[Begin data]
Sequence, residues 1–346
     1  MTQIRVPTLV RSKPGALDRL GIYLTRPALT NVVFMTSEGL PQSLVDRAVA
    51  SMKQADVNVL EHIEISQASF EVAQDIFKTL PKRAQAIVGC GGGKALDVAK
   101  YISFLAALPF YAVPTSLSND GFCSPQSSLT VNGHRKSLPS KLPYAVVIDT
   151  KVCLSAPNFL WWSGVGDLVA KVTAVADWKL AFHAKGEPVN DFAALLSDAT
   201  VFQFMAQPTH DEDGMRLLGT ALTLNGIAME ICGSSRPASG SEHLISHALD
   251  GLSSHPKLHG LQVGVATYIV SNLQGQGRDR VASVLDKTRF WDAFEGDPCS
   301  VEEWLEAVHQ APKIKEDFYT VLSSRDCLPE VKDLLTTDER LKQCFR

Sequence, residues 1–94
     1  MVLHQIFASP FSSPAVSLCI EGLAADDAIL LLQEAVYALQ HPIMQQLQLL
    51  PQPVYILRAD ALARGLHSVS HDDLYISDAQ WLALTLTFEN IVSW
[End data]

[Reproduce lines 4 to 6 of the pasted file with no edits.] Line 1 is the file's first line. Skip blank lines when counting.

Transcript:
   101  YISFLAALPF YAVPTSLSND GFCSPQSSLT VNGHRKSLPS KLPYAVVIDT
   151  KVCLSAPNFL WWSGVGDLVA KVTAVADWKL AFHAKGEPVN DFAALLSDAT
   201  VFQFMAQPTH DEDGMRLLGT ALTLNGIAME ICGSSRPASG SEHLISHALD